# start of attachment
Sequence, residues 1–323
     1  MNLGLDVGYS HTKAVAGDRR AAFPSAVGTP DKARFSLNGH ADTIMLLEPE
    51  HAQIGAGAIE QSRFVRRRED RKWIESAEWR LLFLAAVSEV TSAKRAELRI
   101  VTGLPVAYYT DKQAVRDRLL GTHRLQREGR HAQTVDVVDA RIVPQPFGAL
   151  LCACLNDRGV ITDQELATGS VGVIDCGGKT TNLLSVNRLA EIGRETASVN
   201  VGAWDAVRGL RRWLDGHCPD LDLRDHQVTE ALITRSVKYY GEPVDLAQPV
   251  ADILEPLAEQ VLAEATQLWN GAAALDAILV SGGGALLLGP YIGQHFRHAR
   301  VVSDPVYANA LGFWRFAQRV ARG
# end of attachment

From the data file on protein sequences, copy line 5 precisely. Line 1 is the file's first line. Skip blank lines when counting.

   151  LCACLNDRGV ITDQELATGS VGVIDCGGKT TNLLSVNRLA EIGRETASVN